India’s indirect tax reform runs into rough weather
The eight-tier tax rates and complicated tax filing procedures have made goods and services tax a hard nut to crack for India's businesses
The Indian government’s indirect tax reform goods and services tax (GST) is facing teething troubles and critics say that instead of simplifying taxation, it has done the opposite with eight different tax rates, the highest slab being 43%, and complicated tax filing procedures.
One of the worst hit are Indian exporters who complain that around US$ 10 billion worth of orders are ‘stuck’ because of GST-related liquidity problems.
The government is mulling a dedicated fund to expedite timely refund of taxes paid on input for export to address liquidity woes of exporters under GST. A corpus of Rs 200-300 billion is under consideration to narrow the input tax credit cycle and facilitate their working capital requirements, reports Business Standard.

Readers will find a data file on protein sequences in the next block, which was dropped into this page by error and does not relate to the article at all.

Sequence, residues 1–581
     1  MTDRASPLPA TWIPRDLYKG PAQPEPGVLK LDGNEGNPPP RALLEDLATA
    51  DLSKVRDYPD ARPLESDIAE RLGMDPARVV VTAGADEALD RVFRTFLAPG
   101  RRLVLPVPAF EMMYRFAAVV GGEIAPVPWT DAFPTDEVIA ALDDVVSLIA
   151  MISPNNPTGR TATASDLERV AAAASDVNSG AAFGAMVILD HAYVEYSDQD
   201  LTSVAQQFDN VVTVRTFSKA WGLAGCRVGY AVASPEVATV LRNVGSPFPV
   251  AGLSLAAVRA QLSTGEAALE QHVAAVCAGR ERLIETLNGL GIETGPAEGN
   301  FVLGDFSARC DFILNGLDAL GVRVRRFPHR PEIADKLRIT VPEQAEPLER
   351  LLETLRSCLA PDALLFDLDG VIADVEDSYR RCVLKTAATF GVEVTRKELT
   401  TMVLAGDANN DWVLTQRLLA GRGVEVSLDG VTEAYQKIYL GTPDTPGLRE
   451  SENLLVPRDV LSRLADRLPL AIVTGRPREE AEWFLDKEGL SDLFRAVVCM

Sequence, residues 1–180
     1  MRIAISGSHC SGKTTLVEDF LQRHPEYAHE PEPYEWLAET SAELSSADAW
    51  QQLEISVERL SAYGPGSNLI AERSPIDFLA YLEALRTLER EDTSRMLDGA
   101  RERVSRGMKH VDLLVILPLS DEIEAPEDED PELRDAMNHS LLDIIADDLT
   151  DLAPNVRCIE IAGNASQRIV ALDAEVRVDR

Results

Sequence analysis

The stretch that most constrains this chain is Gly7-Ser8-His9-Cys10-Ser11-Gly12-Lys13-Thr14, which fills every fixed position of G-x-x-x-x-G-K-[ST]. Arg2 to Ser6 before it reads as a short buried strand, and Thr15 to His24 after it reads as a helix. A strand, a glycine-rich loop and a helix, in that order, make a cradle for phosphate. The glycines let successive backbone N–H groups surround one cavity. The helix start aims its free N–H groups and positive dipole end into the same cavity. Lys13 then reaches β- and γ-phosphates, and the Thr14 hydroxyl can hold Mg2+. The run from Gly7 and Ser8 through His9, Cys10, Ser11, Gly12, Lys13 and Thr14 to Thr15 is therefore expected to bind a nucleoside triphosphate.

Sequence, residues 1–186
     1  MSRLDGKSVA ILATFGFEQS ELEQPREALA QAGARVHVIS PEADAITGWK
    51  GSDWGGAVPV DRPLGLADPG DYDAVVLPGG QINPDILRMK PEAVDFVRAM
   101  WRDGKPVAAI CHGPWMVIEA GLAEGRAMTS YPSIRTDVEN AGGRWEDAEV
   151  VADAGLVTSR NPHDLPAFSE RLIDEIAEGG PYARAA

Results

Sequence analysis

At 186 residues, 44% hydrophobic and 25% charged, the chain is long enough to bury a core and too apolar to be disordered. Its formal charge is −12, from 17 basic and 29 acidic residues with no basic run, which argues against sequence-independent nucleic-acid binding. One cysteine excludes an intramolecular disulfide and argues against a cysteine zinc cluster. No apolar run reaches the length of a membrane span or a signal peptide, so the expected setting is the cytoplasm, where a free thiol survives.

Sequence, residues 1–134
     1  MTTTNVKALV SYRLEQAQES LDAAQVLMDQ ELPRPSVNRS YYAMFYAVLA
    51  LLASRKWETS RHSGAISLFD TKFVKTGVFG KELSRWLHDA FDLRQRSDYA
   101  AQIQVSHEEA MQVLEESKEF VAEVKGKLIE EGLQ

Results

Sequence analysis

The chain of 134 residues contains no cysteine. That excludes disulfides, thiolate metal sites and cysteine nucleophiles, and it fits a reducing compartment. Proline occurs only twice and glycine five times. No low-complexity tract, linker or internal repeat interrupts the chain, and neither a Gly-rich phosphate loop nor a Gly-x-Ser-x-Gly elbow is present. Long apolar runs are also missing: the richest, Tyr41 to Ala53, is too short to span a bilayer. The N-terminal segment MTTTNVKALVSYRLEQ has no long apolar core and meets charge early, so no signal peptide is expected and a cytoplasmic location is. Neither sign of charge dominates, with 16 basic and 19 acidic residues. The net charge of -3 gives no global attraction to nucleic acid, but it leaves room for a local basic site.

The Hasmukh Adhia-led committee, set up to address exporter concerns under GST, had discussed the issue and if approved by the panel, the proposal would go to the GST Council, the daily added.
The other sectors badly hit due to complicated GST filing procedures are small and medium industries. While medium-sized companies are struggling to keep up with the rules, diverting resources that could have been devoted to productive activity, the smaller ones, who can’t afford to hire a tax planner or get online daily, risk facing closure.
India collected Rs 906.69 billion (US$ 13.80 billion) GST for August, a little lower than the Rs 940.63 billion (US$ 14.32 billion) in July. This is also lower than the Rs 910 billion (US$ 13.85 billion) which should have come to the Centre and states in a month, given the Budget Estimates and assumed growth rates in receipts for 2017-18, reports Business Standard. Only 55% of assessees paid taxes for August, compared with 64% for July.